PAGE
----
Diagnosis of pneumococcal pneumonia

Pneumococcal pneumonia can be hard to diagnose because its common symptoms feature in other illnesses like colds or the flu. Diagnosis of pneumococcal pneumonia largely focuses on identifying the Streptococcus pneumoniae bacteria.

Diagnosis will start with your doctor taking your medical history and providing a physical exam, which may include listening to your lungs. 

If your doctor thinks you might have pneumococcal pneumonia, they may send you for a blood or sputum test to identify bacteria types. 

Your doctor may need further tests to understand the severity of your symptoms, such as:

  • Chest x-ray

  • Pulse oximetry or arterial blood gas test

  • CT scan 

  • Bronchoscopy 

What is the difference between pneumonia and pneumococcal pneumonia?

Streptococcus pneumoniae bacteria cause pneumococcal pneumonia, whereas pneumonia refers to a lung infection, whether bacterial, fungal, or viral.

Pneumococcal pneumonia treatment

Treatment of pneumococcal pneumonia relies on antibiotics to kill the Streptococcus pneumoniae bacteria causing the illness. 

However, this strain of pneumococcal bacteria has developed resistance to some types of antibiotics. It’s important to use antibiotics appropriately against pneumococcal pneumonia.

Doctors use these types of antibiotics to treat pneumococcal pneumonia:

  • Oral amoxicillin

  • Intravenous ceftriaxone

  • Intravenous cefotaxime

  • Intravenous amoxicillin-clavulanic acid 

While current treatment focuses on antibiotics, research has discovered that our immune systems can sometimes underreact or overreact to infections like pneumococcal pneumonia.³ This is called a dysregulated immune response.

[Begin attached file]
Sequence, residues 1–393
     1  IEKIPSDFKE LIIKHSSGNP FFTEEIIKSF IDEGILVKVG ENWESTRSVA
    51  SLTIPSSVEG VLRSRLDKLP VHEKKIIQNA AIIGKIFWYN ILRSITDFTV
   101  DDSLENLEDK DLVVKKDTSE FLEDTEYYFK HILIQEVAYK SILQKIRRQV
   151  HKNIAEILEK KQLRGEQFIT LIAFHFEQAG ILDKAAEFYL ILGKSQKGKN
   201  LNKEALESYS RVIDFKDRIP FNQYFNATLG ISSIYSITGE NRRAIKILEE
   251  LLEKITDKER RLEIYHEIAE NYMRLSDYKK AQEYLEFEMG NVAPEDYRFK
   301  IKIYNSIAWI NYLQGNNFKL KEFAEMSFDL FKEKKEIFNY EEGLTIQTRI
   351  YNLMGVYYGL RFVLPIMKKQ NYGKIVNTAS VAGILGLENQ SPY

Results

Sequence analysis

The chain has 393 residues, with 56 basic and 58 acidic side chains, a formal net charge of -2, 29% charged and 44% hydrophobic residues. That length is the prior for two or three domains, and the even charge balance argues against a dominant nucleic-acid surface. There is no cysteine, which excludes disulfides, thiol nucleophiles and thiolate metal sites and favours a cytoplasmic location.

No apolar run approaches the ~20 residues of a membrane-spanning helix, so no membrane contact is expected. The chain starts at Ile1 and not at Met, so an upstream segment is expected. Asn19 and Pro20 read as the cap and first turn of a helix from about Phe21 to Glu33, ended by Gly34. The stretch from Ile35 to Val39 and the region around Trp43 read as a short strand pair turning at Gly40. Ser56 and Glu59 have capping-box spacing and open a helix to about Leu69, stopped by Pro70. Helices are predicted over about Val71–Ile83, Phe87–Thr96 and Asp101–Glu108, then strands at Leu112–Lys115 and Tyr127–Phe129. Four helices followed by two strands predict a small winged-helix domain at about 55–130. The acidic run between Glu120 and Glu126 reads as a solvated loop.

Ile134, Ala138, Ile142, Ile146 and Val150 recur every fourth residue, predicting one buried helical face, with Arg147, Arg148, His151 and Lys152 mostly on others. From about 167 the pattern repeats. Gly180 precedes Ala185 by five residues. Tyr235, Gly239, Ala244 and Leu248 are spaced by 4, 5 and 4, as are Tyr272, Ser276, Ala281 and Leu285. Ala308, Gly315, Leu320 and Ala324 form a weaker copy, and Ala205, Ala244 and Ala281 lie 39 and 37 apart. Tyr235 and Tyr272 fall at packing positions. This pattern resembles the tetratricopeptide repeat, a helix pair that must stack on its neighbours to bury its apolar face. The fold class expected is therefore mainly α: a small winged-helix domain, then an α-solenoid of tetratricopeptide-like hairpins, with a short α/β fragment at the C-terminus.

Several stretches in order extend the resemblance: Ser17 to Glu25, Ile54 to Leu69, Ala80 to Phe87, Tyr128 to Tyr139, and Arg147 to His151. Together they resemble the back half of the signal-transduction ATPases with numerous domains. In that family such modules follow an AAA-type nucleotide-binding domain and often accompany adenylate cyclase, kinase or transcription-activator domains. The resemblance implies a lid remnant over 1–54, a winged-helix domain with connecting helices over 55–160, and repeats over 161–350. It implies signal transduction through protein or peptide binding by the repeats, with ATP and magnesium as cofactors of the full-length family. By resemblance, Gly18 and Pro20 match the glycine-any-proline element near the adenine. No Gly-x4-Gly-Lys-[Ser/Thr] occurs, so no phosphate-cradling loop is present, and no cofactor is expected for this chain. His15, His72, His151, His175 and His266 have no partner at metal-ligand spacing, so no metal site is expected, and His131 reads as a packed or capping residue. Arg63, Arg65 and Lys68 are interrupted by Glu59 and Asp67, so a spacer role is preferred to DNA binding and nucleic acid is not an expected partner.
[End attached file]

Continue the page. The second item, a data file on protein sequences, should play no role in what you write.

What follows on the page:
When your immune system underreacts, the infection can overwhelm your system. When it overreacts, your body starts attacking healthy cells, organs, and tissues. 

Researchers have noted that future therapies that focus on the inflammatory response could be useful in avoiding complications. 

How to prevent pneumococcal pneumonia

Vaccinations are available for pneumococcal pneumonia. These are key to managing the condition and reducing infection rates.

Pneumococcal vaccines don’t contain the live Streptococcus pneumoniae bacteria, so you don’t have to worry about infection through vaccination. Another benefit of pneumococcal vaccines is that you don’t have to get them yearly, like the flu vaccine.

Talk to your doctor if you’re interested in the pneumococcal vaccine. They’ll be able to determine if it’s a good fit for you and advise you on funding eligibility.

The lowdown

Pneumococcal pneumonia is a bacterial infection that can lead to serious symptoms. Young children, older adults, and immunocompromised people are at particular risk of infection. 

Doctors treat pneumococcal pneumonia with antibiotics. However, this bacterial strain is becoming increasingly resistant to antibiotic treatment, highlighting the importance of pneumococcal vaccines. Vaccination can reduce your risk of getting it in the first place. Speak to your doctor for more information on the vaccine.